Coca-Cola is planning to open business operations in Myanmar, and will make “significant” investments in the country over the next five years, Financial Times reports.
Despite mixed signals coming from Obama’s penalties and the escalating sectarian violence, Coke – along with General Electric and Caterpillar – saw the new government’s liberalization efforts as a go signal. Coke will import products from neighboring countries and hopes to eventually sell, distribute, market and manufacture locally. Under the plans, Coke’s charitable arm would also invest $3m in women’s employment rights organisations in Myanmar. Coke’s chief executive, Muhtar Kent, said “Coca-Cola has always stood for optimism in times of change and progress around the world”.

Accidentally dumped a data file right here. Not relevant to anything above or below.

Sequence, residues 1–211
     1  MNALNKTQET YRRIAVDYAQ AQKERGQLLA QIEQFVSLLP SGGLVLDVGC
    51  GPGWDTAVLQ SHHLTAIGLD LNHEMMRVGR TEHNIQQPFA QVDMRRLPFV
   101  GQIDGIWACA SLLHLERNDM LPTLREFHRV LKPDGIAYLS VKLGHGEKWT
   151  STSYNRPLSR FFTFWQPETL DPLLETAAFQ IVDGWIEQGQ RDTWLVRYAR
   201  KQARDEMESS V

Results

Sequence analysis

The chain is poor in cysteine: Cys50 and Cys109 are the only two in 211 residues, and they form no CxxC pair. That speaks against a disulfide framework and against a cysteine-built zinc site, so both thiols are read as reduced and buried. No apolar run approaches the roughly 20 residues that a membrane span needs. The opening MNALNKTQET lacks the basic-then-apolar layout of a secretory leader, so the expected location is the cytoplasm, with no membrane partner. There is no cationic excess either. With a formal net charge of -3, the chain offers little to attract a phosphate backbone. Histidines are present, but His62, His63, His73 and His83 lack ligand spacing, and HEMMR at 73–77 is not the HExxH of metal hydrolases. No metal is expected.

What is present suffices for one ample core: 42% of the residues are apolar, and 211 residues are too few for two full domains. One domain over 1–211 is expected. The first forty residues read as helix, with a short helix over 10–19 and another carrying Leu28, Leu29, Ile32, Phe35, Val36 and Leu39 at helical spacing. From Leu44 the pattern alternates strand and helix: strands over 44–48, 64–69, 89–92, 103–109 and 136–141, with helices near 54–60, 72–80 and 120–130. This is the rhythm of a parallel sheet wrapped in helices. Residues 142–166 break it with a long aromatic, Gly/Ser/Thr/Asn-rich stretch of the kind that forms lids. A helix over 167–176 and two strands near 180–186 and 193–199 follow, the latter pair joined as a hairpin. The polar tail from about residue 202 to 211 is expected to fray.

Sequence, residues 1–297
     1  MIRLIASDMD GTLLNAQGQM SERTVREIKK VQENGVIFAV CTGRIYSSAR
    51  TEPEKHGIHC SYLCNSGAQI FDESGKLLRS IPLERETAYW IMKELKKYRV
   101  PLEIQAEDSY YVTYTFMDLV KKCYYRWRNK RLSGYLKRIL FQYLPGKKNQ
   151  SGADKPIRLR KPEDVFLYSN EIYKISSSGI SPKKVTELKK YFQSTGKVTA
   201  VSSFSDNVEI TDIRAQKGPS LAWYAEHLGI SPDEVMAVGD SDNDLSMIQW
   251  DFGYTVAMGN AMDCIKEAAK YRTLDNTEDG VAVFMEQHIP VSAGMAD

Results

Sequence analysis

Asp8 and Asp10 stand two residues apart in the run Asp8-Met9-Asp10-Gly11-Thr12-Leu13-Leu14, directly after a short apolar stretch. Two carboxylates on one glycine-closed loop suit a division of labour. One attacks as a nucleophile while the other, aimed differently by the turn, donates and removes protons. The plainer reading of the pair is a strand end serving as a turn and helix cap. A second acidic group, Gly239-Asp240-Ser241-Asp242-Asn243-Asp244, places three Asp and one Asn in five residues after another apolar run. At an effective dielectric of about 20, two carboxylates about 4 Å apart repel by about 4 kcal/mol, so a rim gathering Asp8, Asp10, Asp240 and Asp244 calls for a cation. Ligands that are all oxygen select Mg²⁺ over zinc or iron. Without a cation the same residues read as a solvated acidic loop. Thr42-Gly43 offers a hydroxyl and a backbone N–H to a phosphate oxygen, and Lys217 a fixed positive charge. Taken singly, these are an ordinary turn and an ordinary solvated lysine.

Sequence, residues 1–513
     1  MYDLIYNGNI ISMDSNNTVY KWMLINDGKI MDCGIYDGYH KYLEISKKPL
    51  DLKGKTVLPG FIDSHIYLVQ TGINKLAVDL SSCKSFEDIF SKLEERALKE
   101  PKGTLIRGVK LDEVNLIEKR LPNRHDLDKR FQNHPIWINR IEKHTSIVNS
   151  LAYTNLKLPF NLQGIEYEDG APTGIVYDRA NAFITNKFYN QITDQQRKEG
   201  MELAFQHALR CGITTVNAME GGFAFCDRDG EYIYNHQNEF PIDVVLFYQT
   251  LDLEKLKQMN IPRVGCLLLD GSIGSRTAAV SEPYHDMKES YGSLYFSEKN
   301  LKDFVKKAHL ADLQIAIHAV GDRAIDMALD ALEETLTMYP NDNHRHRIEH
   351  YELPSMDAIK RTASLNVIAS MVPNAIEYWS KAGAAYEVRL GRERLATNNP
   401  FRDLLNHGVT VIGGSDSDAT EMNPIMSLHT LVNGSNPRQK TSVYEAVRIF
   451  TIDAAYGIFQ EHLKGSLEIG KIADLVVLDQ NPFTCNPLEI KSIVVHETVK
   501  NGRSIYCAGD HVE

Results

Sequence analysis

The world’s largest beverage company was first seen in Asia when it entered the Philippine market in 1912. It has operated in China since 1927 but was cut off in 1949 during Mao Zedong’s communist regime. It does not have operations in North Korea and Cuba. “Coca-Cola’s long history is richly intertwined with the history of American foreign policy,” Mr. Kent told The Financial Times.